The government has decided to provide food assistance to the migrant workers who returned home from different countries during coronavirus pandemic.
Under a safety net programme of the Ministry of Disaster Management and Relief, each of the returnees would be provided with 10kilogramme rice, five-kilogramme flour, one-kilogramme lentils, one- kilogramme salt and one litre of soybean oil.
Enamur Rahman, state minister for disaster management and relief, said this package would be for 15 days.
"We will continue to provide them with the assistance until they find an income-generating job for themselves," he added.
The returnee migrant workers would also be able to avail a loan of any amount between Tk 1 lakh and Tk 5 lakh at four percent interest rate during this time.
A letter was issued on Wednesday to the district and upazila administrations regarding this. They were asked to find out the needy migrant workers and provide them with the assistance.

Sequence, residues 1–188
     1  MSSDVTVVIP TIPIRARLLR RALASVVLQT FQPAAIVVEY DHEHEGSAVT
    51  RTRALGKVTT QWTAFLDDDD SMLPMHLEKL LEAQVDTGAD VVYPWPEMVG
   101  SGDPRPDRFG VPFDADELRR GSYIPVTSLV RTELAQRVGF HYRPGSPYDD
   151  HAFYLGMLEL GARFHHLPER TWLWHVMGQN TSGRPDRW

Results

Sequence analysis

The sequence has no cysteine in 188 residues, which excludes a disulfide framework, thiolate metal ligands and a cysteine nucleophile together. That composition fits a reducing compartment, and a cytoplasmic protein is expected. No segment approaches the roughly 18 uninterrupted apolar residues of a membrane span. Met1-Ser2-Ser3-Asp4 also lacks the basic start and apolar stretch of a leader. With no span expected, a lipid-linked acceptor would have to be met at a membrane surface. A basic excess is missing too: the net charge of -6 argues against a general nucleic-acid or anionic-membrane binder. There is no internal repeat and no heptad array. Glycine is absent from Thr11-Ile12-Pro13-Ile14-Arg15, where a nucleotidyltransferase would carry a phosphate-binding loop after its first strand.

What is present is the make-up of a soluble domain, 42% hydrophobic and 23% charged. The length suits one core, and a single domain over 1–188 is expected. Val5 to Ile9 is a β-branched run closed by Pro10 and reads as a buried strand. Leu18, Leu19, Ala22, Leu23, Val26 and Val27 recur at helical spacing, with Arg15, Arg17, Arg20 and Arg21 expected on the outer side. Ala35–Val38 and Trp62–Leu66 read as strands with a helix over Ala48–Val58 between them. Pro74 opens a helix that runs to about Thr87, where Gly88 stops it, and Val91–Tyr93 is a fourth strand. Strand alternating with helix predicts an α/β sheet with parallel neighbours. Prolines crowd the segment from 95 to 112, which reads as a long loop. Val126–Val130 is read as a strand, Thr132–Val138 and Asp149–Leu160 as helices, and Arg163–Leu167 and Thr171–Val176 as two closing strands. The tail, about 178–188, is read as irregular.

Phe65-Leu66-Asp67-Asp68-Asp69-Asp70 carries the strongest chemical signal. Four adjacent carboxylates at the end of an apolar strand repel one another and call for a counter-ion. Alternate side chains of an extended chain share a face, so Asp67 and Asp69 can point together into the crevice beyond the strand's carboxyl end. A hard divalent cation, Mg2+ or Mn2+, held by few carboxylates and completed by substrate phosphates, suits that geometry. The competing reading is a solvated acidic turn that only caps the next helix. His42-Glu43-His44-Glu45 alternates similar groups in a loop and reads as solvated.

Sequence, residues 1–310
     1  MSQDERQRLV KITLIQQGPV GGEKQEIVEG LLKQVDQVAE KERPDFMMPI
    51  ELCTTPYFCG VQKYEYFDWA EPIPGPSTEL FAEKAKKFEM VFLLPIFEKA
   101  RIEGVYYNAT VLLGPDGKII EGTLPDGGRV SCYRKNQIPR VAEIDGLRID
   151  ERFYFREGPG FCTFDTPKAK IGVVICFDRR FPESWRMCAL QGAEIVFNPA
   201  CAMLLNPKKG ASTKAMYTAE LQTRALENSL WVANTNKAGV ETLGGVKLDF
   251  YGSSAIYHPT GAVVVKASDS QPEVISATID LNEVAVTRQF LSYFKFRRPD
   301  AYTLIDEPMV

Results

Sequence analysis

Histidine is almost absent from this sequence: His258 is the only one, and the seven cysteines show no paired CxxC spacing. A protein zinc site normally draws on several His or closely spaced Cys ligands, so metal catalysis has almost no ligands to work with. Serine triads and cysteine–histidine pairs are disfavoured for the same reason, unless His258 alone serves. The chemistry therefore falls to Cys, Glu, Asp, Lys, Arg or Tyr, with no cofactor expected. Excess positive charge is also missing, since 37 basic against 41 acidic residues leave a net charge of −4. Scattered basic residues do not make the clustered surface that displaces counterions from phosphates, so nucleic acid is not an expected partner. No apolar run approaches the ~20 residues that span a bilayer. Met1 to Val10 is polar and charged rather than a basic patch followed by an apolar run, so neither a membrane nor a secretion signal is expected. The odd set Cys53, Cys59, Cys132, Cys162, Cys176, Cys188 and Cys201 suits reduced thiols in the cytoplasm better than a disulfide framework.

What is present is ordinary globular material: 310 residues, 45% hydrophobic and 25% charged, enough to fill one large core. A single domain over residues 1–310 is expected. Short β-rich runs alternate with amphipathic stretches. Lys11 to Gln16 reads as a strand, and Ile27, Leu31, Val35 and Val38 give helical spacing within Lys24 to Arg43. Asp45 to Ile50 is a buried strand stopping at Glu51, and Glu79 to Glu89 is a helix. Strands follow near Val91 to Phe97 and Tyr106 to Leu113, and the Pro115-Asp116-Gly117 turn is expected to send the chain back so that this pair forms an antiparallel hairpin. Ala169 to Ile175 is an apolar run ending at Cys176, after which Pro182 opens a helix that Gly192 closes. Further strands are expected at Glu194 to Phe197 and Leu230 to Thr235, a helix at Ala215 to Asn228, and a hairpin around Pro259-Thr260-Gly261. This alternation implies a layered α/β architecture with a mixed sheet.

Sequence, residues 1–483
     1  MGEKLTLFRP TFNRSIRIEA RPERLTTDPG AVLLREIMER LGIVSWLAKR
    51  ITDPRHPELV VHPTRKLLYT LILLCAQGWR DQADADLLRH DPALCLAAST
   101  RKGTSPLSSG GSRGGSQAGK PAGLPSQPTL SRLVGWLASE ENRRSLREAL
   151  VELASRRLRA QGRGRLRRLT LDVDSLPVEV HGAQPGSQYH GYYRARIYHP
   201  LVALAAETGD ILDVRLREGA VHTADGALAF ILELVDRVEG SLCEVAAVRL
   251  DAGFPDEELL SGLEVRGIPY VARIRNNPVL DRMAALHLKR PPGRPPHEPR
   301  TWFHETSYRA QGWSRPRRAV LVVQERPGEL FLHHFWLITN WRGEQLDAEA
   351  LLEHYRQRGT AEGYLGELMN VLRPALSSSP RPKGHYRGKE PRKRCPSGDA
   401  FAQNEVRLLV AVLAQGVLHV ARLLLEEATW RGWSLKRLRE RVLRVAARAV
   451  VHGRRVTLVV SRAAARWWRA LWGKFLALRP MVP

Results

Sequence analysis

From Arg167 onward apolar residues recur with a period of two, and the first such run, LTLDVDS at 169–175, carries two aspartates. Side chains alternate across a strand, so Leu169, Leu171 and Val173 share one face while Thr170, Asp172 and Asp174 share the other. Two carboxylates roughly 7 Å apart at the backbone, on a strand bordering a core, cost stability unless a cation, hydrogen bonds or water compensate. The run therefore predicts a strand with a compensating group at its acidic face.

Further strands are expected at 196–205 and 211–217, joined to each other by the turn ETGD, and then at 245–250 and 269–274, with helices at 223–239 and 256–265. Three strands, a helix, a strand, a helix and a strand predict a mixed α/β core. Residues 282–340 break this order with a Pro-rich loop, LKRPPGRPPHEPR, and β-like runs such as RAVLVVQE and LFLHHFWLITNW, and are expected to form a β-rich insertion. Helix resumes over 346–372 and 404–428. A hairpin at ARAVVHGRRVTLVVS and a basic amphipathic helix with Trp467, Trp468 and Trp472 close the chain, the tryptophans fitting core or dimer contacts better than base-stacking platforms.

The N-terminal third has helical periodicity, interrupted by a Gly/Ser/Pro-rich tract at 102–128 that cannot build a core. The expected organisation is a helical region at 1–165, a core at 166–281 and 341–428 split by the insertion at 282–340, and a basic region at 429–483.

Expatriates' Welfare and Overseas Employment Minister Imran Ahmad said some 21,000 Bangladeshis have returned home since April and more could return in the coming months. Many of them lost jobs due to the pandemic.
"Therefore, we raised the issue at a recent inter-ministerial meeting and said that the returnee migrants and their families should get at least food assistance at this bad time," he told The Daily Star yesterday.
The disaster management ministry agreed to the proposal. Based on that, the expatriates' welfare ministry ordered the District Employment and Manpower Offices (DEMO) to prepare a list of those seeking assistance, he added.
In the districts having no DEMO, the migrants or their families will have to register at the Technical Training Centres run by the Bureau of Manpower Employment and Training (BMET).
Several lakh Bangladeshi migrants are estimated to return home in the coming months, mainly from the Middle East and Southeast Asian countries.
Shakirul Islam, executive director of Ovibashi Karmi Unnapayn Programme (OKUP), said they welcomed the government decision of including the migrant workers and their families to the social safety net programme.
"Over the years, we found many migrants and their families living in poor conditions, but they were never included in the social safety net programme," he said.